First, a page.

Columbia-based fatherhood program expands to Colleton County

by | March 9, 2019 5:00 am

Last Updated: March 6, 2019 at 11:05 am

When 11-year-old Hannah Collins tragically passed away in the summer of 2016 from complications of a brain-eating amoeba contracted while she was swimming in the Edisto River, it opened a small window into a little known public policy that most South Carolinians are unaware of — unless they run afoul of it.
Hannah’s father, Jeff Collins, was able to be at his daughter’s bedside as her death approached because Colleton County Sheriff Andy Strickland asked a South Carolina Family Court judge to allow him to visit her. Collins was serving time in Colleton County Jail because he owed more than $15,000 in back child support.
Although Collins does not represent a typical case, since 2002, the South Carolina Center for Fathers and Families has assisted nearly 17,000 South Carolina fathers.
In 2018, its services helped save South Carolinians nearly $10 million in taxpayer-funded incarceration costs.
A social service organization funded by the Columbia-based Sisters of Charity of St. Augustine, South Carolina Fathers and Families advocates for jobs over jail.
“When working fathers fall behind on child support, we can work with DSS to prevent their driver’s license from being revoked so they can hold their job,” explained Mark Himes, the center’s program manager. S.C. Fathers and Families also assists eligible fathers with records expungement, which is often an impediment to gainful employment.
“We believe that children can thrive when an engaged, responsible father is active in their lives,” Himes said.
The center supports father-friendly policies and practices and helps to erase society’s often negative stereotypes of unwed, low-income dads.
“We collaborate with over 300 partners to bring comprehensive services to fathers and their families,” said communications director Wayne Thornley.
Partner organizations include the South Carolina Department of Social Services, TD Bank, and Men’s Wearhouse. Through its Jobs Not Jail program, fathers who enroll in the center’s outreach programs receive one-on-one assistance and guidance on child support, parenting and co-parenting, job readiness and employment, financial management, the legal system, healthcare, transportation, stable housing, spiritual development, effective communication, healthy relationships and men’s health education — skills from which all parents and families can benefit.
Fathers also receive help finding a lawyer and modifying child support, if needed.
When more complex issues involving alcohol, drugs and violent behavior, or mental illness arise, the center helps fathers obtain specialized treatment and professional help.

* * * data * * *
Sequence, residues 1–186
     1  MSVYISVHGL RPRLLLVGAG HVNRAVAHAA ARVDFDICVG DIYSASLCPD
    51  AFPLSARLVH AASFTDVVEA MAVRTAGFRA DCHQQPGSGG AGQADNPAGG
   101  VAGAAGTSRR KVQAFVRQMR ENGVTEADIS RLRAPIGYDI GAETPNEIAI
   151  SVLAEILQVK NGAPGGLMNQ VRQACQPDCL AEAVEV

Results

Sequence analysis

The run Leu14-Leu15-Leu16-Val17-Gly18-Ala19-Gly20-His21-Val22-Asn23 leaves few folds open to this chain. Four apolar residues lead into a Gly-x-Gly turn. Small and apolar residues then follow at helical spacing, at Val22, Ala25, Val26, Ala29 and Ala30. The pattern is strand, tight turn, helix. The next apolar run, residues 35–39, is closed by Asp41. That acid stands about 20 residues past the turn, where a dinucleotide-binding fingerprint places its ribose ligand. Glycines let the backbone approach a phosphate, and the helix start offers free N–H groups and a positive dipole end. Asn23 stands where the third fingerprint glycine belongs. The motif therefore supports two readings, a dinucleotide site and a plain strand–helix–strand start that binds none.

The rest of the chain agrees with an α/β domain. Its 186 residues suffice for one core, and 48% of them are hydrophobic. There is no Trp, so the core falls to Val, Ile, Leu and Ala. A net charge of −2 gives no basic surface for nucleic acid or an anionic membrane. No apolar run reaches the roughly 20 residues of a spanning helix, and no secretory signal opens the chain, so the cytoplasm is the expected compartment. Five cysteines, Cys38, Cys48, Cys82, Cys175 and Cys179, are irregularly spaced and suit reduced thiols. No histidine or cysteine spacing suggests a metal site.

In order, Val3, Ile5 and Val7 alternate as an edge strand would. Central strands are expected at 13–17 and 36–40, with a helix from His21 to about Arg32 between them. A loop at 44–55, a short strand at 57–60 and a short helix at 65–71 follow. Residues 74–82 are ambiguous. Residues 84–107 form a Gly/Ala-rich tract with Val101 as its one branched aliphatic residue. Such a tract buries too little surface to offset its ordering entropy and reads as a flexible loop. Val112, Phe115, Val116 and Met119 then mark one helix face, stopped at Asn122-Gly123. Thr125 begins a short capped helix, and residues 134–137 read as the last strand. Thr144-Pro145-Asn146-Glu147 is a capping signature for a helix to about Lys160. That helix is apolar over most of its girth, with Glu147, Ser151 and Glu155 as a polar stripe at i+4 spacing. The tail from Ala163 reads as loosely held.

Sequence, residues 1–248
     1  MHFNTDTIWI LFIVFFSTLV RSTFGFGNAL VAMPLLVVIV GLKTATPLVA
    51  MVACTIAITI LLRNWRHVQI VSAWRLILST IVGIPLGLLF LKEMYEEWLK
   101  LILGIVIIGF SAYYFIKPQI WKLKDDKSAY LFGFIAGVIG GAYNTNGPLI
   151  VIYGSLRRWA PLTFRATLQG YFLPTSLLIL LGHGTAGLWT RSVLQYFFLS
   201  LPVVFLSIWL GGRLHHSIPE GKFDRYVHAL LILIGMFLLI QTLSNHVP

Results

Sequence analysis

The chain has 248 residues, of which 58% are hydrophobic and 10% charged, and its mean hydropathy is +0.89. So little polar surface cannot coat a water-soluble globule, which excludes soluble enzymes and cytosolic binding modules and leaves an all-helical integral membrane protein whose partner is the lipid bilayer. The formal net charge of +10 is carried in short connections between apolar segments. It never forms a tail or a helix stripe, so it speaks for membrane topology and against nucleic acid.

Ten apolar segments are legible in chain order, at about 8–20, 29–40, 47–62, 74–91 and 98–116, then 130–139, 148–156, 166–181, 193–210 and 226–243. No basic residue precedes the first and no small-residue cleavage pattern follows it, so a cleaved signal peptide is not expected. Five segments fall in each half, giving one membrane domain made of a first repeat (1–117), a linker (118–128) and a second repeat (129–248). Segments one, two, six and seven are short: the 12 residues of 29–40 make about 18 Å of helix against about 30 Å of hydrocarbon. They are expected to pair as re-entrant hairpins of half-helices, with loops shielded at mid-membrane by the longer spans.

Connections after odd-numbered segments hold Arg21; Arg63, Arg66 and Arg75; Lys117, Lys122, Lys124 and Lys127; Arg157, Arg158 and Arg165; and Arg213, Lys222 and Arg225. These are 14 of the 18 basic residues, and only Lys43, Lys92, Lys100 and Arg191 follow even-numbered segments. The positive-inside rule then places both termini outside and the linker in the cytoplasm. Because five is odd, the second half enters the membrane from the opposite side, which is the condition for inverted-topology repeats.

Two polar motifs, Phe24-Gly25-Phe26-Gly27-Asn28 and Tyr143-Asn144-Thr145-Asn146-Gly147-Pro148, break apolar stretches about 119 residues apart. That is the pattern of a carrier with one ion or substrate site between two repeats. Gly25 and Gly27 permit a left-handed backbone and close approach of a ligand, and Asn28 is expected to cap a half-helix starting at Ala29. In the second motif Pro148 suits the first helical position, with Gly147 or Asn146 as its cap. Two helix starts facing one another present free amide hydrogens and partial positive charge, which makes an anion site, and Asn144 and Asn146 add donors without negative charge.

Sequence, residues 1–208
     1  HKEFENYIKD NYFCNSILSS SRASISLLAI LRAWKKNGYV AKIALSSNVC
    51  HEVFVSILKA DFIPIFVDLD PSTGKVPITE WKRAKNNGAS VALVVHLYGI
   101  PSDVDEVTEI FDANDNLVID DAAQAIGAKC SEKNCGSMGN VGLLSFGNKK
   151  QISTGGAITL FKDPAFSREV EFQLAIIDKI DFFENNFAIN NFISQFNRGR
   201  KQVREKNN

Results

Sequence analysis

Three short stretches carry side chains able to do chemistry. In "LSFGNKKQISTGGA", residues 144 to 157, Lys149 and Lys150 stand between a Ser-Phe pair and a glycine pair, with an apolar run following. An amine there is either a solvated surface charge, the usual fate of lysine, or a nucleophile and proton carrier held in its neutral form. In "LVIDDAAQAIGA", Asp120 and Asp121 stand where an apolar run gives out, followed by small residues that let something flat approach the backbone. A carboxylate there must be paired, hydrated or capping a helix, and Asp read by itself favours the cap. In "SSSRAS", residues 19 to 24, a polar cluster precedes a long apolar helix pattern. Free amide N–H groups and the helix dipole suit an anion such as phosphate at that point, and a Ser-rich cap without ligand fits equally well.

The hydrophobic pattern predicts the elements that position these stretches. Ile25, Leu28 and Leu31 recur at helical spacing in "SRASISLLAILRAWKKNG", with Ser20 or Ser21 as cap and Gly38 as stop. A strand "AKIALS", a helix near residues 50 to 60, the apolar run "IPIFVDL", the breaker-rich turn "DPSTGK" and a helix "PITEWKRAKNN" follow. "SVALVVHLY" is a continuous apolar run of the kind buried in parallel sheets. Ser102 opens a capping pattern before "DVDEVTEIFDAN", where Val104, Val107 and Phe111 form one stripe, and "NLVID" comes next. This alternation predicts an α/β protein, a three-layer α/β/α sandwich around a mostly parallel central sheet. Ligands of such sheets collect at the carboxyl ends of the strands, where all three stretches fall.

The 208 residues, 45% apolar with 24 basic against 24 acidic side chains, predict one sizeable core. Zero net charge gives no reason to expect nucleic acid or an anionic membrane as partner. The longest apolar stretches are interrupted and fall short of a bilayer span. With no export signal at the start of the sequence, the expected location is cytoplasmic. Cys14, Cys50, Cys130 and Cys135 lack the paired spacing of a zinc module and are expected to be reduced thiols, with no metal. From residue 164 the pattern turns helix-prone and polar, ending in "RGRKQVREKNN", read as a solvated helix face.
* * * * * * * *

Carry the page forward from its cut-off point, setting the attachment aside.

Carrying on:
“I’ve gone to my son’s school and to my local newspaper and begged them not to put my ex-husband’s photo in the paper when he goes to jail for being a being a deadbeat dad,” a woman at Family Court told me. (She asked that I withhold her name because her family is well-known.) “He cries and doesn’t want to go to school because some kids tease and bully him,” she said.
According to the U.S. Department of Justice, of the approximately 2.2 million Americans who are currently incarcerated, about 21,000 are South Carolinians. At present, the U.S. has the world’s highest incarceration rate: higher than Turkmenistan, El Salvador, Thailand and the Russian Federation. Americans comprise five percent of the world’s population and 25 percent of the world’s prisoners. Programs like S.C. Fathers and Families are working to make a difference, one father and one family at a time.
Father-to-father services are available statewide through six programs in 12 communities across the Palmetto State.
If your sorority, fraternity, church, men’s or women’s club, or organization would like to make a difference in a dad’s life by providing employment and training, donating gently used work and professional clothes, inviting a representative to speak or volunteering your time or other resources, call 843-782-9090, visit online, or email

(Lowcountry native Vasilisa Hamilton is an author, independent journalist, and communications strategist. Her website is

comments » 1

  1. Comment by Vasilisa Hamilton

    March 15, 2019 at 1:56 am

    Thank you to everyone who took the time to support my enterprise reporting and in-depth research. I am grateful to those I met over several visits to South Carolina Family Court–mothers, fathers, aunties, uncles, grandparents, and friends–who help with child care and picking up and dropping off children from school so their parents won’t miss their day in Family Court. I honored your wishes by not printing your name if you didn’t want it mentioned. You did not have to talk to me at all. For those who were so fearful of returning to jail that they began to cry when their name was called, I hope everything works out for you and your family. And last but not least, for those who work hard to to stay out of jail and to avoid falling further behind financially, it may be the wisest course because if you are locked up, my research indicates that your money will go toward toiletries, snacks, and phone calls. The custodial parent will not receive any child support while you are incarcerated. Keep working hard, and work smarter. Thanks and Best.

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